Like ETR, RPV is a DAPY analog that shows potent activity against wild-type HIV-1 group M isolates (0.07 to 1.01 nM) and group O isolates (EC50 values range from 0.07 to 8.45 nM) [35]. In in vitro experiments, RPV shows a resistance profile and a genetic barrier to the development of resistance comparable to those of ETR [35]. NNRTI resistance associated mutations that emerged in HIV-1 under selective pressure from RPV included combinations of V90I, L100I, K101E, V106A/I, V108I, E138G/K/Q/R, V179F/I, Y181C/I, V189I, G190E, H221Y, F227C, and M230I/L. In humans, RPV efficacy was established in the THRIVE (TMC278 against HIV, in a once daily RegImen vs Efavirenz) and ECHO (Early Capture HIV Cohort Study) studies [36,37]. These two Phase III, multinational, double-blinded, randomized, placebo-controlled, non-inferiority studies compared the efficacy of RPV vs. EFV in combination with two NRTIs. In both studies, RPV was found to be non-inferior to EFV in treatment-naïve participants. However in both trails, RPV-treated participants had higher rates of virologic failure than EFV-treated participants (10% vs. 6%), particularly in individuals with pre-treatment HIV-1 viral loads >100,000 copies/mL (17% virologic failure in the RPV arm vs. 7% in the EFV arm). Resistance analyses demonstrated that the most common NNRTI-resistant mutation that emerged when participants failed RPV was E138K, typically in combination with M184I or M184V/I mixtures. Viral fitness studies have suggested that E138K may compensate for the fitness deficits of both M184I and M184V and restore the replicative capacity of viruses containing M184I/V [38,39]. However, other work suggests that viruses containing both the E138K and M184I mutations do not have high replicative fitness [40]. Other mutations detected in patients with demonstrable resistance in the pooled ECHO and THRIVE clinical trials included K101E, H221Y, V90I, Y181C, V189I, L100I, V179I, E138Q and F227C. Collectively, at least 17 single substitutions in HIV-1 RT (L100I, K101E/P, E138A/G/K/Q/R, V179L, Y181C/I/V, Y188L, H221Y, F227C, and M230I/L) have been associated with a decreased virologic response to RPV. Interestingly, we recently found that the E138A substitution occurs more frequently in subtype C (range: 5.9%–7.5%) than B (range: 0%–2.3%) sequences from both treatment-naïve and -experienced individuals (p < 0.01) in four independent genotype databases [41]. Importantly, there is a documented case report of an HIV-1-infected individual who did not respond to RPV/tenofovir/emtricitabine, apparently due to the presence of a baseline E138A mutation [42]. As such, E138A could impact treatment strategies that include RPV in geographic areas where subtype C infection is prevalent.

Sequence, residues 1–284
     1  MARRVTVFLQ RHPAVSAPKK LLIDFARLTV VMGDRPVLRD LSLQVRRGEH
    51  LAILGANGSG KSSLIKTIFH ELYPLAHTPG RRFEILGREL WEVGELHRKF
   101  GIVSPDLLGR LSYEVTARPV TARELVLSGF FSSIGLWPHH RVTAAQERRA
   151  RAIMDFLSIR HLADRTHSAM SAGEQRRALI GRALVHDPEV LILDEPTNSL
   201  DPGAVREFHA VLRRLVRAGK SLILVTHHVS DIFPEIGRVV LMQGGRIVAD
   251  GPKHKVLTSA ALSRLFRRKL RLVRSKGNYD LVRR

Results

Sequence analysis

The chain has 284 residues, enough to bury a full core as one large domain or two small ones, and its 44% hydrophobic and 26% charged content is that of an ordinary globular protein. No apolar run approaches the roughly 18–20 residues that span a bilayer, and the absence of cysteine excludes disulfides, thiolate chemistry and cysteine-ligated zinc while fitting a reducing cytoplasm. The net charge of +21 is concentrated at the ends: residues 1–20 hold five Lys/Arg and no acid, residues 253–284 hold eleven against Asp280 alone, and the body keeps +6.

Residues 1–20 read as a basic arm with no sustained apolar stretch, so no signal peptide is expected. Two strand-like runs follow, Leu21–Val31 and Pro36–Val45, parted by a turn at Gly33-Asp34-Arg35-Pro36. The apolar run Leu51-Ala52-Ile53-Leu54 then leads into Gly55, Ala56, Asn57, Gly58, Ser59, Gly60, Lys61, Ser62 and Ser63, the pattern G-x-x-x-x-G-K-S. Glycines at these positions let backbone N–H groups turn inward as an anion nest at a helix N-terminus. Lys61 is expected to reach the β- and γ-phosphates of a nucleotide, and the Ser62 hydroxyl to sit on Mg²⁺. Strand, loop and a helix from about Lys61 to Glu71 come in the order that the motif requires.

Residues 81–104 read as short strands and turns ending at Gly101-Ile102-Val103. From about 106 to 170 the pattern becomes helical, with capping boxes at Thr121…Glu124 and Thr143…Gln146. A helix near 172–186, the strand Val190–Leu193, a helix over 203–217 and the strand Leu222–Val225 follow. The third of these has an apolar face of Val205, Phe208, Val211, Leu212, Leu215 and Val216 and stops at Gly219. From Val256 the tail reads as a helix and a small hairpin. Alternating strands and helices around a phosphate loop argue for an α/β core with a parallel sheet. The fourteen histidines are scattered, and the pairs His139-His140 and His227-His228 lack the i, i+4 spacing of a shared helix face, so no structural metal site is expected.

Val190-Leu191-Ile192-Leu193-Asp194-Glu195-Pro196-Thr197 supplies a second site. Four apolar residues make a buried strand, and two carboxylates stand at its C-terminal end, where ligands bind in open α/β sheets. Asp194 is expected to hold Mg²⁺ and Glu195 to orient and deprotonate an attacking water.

9. Long Acting Rilpivirine